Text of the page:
For this, his third version, the TV is a 1960’s RCA Victor Portable Television. You can see some of the TVs he found for previous versions on his hackaday.io page. They’re all truly vintage. He gutted this latest one and attached WS2812 LED strips in a serpentine pattern inside the screen. The LEDs are controlled by his code and the FastLED library running on an ESP8266. Power comes from four NiMH AA-format batteries, giving him 5 V, which he regulates down to 3.3 V. His phone serves as a WiFi hotspot.

[Nate] limits the commands so that only positive things can be displayed, a heart for example. Or you can tweak what’s being displayed by changing the brightness or make the LEDs twinkle. Judging by the crowds we see him attracting in the first video below, we’d say his project was a huge success. In the second video, Nate does a code walkthrough and talks about some of his design decisions.

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PIC16Maze Upgrades Secret Maze Game

We really like it when a reader is inspired by something they see on Hackaday, build on it, and let us know so we can pass it on. In this case, [Vegipete] made a secret maze game using a minimal number of parts and some neat software trickery.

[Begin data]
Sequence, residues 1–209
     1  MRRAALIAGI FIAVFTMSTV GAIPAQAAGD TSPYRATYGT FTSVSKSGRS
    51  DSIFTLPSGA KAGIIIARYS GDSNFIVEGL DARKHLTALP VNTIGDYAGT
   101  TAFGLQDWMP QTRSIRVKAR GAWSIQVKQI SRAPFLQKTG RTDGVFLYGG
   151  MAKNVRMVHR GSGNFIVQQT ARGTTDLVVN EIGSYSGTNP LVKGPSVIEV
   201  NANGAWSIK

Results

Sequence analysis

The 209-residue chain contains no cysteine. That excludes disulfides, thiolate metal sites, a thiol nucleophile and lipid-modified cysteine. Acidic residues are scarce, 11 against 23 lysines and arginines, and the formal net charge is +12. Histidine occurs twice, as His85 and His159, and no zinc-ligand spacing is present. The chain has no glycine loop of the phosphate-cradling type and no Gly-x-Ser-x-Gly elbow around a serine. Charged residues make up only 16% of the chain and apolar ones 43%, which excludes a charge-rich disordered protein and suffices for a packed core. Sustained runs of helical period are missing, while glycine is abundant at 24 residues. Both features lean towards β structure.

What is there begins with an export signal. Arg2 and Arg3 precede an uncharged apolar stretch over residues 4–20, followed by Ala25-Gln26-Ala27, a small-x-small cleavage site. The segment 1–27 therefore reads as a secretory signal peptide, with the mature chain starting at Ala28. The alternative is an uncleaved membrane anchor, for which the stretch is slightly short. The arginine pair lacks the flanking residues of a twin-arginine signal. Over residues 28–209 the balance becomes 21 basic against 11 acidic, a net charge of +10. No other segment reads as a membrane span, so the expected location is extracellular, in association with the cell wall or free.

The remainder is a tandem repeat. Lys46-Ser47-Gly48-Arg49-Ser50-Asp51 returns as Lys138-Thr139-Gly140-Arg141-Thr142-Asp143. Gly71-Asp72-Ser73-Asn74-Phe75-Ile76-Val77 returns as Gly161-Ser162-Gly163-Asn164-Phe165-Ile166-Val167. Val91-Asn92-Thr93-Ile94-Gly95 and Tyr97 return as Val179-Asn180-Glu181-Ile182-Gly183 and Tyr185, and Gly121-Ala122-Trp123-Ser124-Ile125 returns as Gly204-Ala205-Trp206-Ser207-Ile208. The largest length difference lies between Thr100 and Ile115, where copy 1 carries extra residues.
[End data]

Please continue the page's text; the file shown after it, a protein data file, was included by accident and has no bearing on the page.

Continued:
It’s built around an 8-pin PIC16F18313 microcontroller, uses a joystick for input, and nine WS2812 LEDs to display the player and the surrounding maze walls. His inspiration was [David Johnson-Davies’] minimalist secret maze game built around the 8-pin ATTiny85. In that one, [David] cleverly used charlieplexing to get four pins to control four LEDs and four pushbuttons. [Vegipete’s] use of the WS2812 LEDs allowed him to control the LEDs with just one pin, and also get color while using three pins for the joystick and its button. He may use another pin in the future for sound and vibration.

He goes into some detail on the WS2812 protocol, how communication is done with the LEDs using just one pin and different pulse-lengths to represent 0 and 1. We’ll leave you to see his post for more depth but basically, he introduces a module on the PIC called the Configurable Logic Cell (CLC) which makes this easy and frees up processor cycles for the user’s code to do other things.